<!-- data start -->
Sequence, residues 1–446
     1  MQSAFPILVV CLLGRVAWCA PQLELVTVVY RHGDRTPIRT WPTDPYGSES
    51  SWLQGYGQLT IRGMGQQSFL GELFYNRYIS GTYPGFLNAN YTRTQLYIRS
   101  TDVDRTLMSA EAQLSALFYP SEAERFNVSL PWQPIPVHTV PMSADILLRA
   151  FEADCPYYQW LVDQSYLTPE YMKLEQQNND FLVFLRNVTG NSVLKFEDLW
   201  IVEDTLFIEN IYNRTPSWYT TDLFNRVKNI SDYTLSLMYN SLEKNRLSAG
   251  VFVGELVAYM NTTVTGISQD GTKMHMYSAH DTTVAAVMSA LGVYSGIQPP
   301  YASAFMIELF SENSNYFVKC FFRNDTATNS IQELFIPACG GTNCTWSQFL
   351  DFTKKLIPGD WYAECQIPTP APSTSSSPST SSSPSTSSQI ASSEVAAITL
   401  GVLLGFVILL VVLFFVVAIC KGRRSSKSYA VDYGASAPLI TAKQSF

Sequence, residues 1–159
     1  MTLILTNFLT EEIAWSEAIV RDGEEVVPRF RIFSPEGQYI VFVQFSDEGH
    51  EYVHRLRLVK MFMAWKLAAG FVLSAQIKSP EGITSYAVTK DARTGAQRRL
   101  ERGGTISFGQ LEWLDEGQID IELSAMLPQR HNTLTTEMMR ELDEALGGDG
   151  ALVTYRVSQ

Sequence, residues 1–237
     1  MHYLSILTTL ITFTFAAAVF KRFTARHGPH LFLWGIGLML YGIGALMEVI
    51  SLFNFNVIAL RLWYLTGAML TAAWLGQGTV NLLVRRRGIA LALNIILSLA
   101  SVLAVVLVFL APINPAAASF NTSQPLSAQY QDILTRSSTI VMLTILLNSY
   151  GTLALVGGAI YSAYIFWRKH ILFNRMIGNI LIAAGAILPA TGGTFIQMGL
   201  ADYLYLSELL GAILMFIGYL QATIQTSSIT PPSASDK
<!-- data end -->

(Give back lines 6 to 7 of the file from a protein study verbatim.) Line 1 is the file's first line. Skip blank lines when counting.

   201  IVEDTLFIEN IYNRTPSWYT TDLFNRVKNI SDYTLSLMYN SLEKNRLSAG
   251  VFVGELVAYM NTTVTGISQD GTKMHMYSAH DTTVAAVMSA LGVYSGIQPP